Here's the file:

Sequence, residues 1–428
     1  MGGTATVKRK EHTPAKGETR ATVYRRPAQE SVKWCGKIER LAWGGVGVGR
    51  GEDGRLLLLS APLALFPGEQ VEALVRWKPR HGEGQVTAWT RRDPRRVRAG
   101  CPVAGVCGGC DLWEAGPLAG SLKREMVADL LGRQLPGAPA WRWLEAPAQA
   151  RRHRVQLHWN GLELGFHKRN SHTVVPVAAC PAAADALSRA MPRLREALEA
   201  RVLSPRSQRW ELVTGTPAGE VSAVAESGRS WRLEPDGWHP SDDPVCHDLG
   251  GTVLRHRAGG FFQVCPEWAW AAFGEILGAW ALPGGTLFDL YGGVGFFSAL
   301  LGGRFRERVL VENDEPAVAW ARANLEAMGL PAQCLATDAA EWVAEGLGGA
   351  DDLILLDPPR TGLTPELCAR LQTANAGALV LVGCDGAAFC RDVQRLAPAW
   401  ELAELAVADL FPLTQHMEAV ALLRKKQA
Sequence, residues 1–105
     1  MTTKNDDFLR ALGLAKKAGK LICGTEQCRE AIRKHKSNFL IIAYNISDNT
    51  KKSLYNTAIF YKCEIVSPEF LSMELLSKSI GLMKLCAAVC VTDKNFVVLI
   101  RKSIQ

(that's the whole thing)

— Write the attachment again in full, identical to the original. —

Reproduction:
Sequence, residues 1–428
     1  MGGTATVKRK EHTPAKGETR ATVYRRPAQE SVKWCGKIER LAWGGVGVGR
    51  GEDGRLLLLS APLALFPGEQ VEALVRWKPR HGEGQVTAWT RRDPRRVRAG
   101  CPVAGVCGGC DLWEAGPLAG SLKREMVADL LGRQLPGAPA WRWLEAPAQA
   151  RRHRVQLHWN GLELGFHKRN SHTVVPVAAC PAAADALSRA MPRLREALEA
   201  RVLSPRSQRW ELVTGTPAGE VSAVAESGRS WRLEPDGWHP SDDPVCHDLG
   251  GTVLRHRAGG FFQVCPEWAW AAFGEILGAW ALPGGTLFDL YGGVGFFSAL
   301  LGGRFRERVL VENDEPAVAW ARANLEAMGL PAQCLATDAA EWVAEGLGGA
   351  DDLILLDPPR TGLTPELCAR LQTANAGALV LVGCDGAAFC RDVQRLAPAW
   401  ELAELAVADL FPLTQHMEAV ALLRKKQA
Sequence, residues 1–105
     1  MTTKNDDFLR ALGLAKKAGK LICGTEQCRE AIRKHKSNFL IIAYNISDNT
    51  KKSLYNTAIF YKCEIVSPEF LSMELLSKSI GLMKLCAAVC VTDKNFVVLI
   101  RKSIQ